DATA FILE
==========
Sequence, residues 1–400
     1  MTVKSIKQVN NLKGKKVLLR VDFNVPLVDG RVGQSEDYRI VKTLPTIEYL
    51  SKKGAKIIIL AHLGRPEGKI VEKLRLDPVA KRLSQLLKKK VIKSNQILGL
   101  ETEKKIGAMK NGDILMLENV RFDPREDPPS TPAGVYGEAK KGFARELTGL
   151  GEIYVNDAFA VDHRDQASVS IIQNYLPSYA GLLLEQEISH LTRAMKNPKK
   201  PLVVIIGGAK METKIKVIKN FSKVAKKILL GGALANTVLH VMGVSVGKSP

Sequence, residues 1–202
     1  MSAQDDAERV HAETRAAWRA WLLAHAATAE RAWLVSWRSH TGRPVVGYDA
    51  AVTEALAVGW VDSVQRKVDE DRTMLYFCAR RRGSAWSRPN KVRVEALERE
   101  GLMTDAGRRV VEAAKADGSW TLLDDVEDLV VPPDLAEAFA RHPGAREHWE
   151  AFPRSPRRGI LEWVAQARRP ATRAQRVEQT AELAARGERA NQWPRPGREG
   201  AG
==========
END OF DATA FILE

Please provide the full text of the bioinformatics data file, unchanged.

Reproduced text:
Sequence, residues 1–400
     1  MTVKSIKQVN NLKGKKVLLR VDFNVPLVDG RVGQSEDYRI VKTLPTIEYL
    51  SKKGAKIIIL AHLGRPEGKI VEKLRLDPVA KRLSQLLKKK VIKSNQILGL
   101  ETEKKIGAMK NGDILMLENV RFDPREDPPS TPAGVYGEAK KGFARELTGL
   151  GEIYVNDAFA VDHRDQASVS IIQNYLPSYA GLLLEQEISH LTRAMKNPKK
   201  PLVVIIGGAK METKIKVIKN FSKVAKKILL GGALANTVLH VMGVSVGKSP

Sequence, residues 1–202
     1  MSAQDDAERV HAETRAAWRA WLLAHAATAE RAWLVSWRSH TGRPVVGYDA
    51  AVTEALAVGW VDSVQRKVDE DRTMLYFCAR RRGSAWSRPN KVRVEALERE
   101  GLMTDAGRRV VEAAKADGSW TLLDDVEDLV VPPDLAEAFA RHPGAREHWE
   151  AFPRSPRRGI LEWVAQARRP ATRAQRVEQT AELAARGERA NQWPRPGREG
   201  AG